The creative director of Hudson tells Marie Davies how the contemporary footwear brand is embracing fast fashion.
Hudson is celebrating its 20th anniversary and this month launches a transactional website - what can the customer expect to see online?
It will be about giving customers as much information as possible, making it distinctive. We will offer exclusive product through unique colouring and have editorial features such as designers picking their favourite styles, street shots of customers wearing Hudson and a blog. It will be easy to navigate between different styles, while our campaign shots, which we couldn’t previously accommodate on the site, will strengthen the brand’s message.
Why had the website not been transactional earlier?
There had been the worry that as a wholesale brand we would upset our stockists by becoming transactional, but I think now we cannot avoid it. We now have the right infrastructure in place internally to provide a good service - we didn’t want to do it if it wasn’t right.
We are working on making it a different experience by giving customers a reason to shop. We don’t have a store as yet so this is our direct communication with our end customer.
You’ve been working at Hudson for 16 years. What are some of the biggest changes you’ve seen?
Everything is faster and more competent. In terms of product there is a lot more competition out there. Many retailers that used to always buy from wholesalers such as ourselves have now taken aspects of design in-house and have subsidiary [own] brands. There has to be more of a reason to buy from us.
So how have you dealt with this?
Starting [Hudson diffusion line] H by Hudson meant we could compete at a fast-fashion level at a lower price. It has changed Hudson for the better and we’ve attracted a younger customer with it. In addition, our women’s footwear offer which started in 2004
was driven by us noticing that the androgynous look for women was going to come back in a big way and [our brand ethos] fitted that trend perfectly.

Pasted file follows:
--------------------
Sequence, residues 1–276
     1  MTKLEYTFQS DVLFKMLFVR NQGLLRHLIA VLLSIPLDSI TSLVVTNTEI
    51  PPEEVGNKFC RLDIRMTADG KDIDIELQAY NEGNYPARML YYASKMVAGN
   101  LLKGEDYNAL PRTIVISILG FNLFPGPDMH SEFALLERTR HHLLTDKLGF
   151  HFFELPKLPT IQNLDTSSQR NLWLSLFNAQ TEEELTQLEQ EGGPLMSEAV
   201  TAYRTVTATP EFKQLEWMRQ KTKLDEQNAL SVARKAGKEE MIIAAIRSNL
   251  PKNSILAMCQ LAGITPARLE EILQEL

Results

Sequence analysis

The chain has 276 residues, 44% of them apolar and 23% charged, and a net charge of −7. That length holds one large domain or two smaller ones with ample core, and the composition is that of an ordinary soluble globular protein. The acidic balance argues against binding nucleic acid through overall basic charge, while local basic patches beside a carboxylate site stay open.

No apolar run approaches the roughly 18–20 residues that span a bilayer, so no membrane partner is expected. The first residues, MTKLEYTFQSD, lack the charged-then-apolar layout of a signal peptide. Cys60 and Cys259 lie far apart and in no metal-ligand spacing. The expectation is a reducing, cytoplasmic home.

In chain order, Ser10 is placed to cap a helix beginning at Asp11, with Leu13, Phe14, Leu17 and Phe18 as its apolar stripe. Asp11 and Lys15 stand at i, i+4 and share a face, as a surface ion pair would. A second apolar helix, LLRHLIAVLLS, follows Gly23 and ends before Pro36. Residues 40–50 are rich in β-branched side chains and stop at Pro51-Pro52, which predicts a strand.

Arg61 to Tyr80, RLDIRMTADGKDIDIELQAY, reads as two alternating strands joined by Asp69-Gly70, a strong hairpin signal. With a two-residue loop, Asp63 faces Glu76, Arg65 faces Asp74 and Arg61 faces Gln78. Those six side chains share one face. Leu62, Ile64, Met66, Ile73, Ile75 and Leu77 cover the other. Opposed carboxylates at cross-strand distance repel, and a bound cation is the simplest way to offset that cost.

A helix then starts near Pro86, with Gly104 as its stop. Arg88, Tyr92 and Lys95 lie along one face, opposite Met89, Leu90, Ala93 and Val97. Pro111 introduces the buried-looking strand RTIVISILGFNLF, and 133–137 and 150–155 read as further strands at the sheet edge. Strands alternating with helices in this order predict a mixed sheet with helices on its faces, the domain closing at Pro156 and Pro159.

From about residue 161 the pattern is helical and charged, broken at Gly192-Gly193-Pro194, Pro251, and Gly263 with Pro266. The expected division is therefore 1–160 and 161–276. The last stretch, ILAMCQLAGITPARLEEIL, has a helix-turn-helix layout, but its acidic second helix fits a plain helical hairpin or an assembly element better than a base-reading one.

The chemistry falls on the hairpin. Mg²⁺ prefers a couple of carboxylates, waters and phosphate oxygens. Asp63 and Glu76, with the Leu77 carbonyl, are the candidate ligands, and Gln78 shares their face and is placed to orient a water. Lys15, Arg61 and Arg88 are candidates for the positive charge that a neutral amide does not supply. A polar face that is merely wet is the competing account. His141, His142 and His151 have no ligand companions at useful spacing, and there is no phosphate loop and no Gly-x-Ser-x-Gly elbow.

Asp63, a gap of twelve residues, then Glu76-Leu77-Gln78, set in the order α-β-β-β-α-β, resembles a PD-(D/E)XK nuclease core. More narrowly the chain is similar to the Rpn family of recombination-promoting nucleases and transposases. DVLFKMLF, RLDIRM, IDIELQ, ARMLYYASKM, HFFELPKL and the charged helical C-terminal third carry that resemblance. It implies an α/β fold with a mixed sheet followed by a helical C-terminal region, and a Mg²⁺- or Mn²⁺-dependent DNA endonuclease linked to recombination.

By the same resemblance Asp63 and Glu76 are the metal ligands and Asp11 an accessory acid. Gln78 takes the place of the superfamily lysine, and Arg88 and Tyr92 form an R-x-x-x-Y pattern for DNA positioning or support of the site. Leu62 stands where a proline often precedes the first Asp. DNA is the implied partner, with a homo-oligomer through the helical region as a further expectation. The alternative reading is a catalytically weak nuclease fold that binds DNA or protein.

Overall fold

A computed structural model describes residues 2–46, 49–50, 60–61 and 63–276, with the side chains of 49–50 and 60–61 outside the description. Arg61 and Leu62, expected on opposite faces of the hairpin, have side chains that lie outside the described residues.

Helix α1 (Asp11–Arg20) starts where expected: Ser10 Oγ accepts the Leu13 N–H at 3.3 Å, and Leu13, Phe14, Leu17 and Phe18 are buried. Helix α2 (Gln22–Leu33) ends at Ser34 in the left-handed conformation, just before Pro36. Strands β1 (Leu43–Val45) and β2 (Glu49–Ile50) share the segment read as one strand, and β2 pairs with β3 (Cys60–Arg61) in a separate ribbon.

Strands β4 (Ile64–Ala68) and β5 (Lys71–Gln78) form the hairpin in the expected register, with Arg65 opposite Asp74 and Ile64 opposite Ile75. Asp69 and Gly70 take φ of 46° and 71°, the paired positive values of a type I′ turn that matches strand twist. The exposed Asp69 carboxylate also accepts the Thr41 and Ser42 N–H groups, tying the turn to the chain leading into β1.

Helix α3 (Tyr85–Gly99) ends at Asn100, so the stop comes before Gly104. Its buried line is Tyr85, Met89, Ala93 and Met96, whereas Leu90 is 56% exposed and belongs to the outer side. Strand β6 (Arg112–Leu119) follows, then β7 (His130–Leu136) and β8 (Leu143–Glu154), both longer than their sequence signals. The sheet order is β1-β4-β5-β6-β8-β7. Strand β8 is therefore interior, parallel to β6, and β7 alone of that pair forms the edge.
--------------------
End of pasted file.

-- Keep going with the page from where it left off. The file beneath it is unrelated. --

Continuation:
What new products are you working on for autumn 11?
We are making [the collections] a little bit cleaner and less vintage. Men’s silhouettes are heavier with chunkier soles and, while the washed look is still important, we’re polishing it up a bit more. We’re working on a hobnail boot and an update of the moccasins that are doing well across men’s and women’s footwear.
Will sheepskin continue to be key in footwear for autumn 11?
I think people will still expect it but I feel we’ll see the return of fabrics [as well]. We’re introducing tweeds into shoes and I think one of the biggest trends will be mixing materials; for example we’re mixing a scotch green fabric with a high-shine leather. It may not replace sheepskin but I think the half-and-half shoe will come through in a big way. The golfing shoe inspiration with its two-tone effect will run across men’s and women’s footwear for Hudson.
What is your favourite Hudson style?
I love the Garrett women’s hiking boot we did for autumn 10.
Which celebrity best sums up Hudson?
Steve McQueen for men and Alexa Chung for women.
What was the last item you bought?
A grey cropped blazer and black maxi dress from Cos. I’m trying to get out of skinny jeans.
Where is your favourite place to shop in the UK?
Alfies Antiques Market in Marylebone, London, is amazing. I could quite easily spend a whole day in there.
Vicky Haddon is creative director of contemporary footwear brand Hudson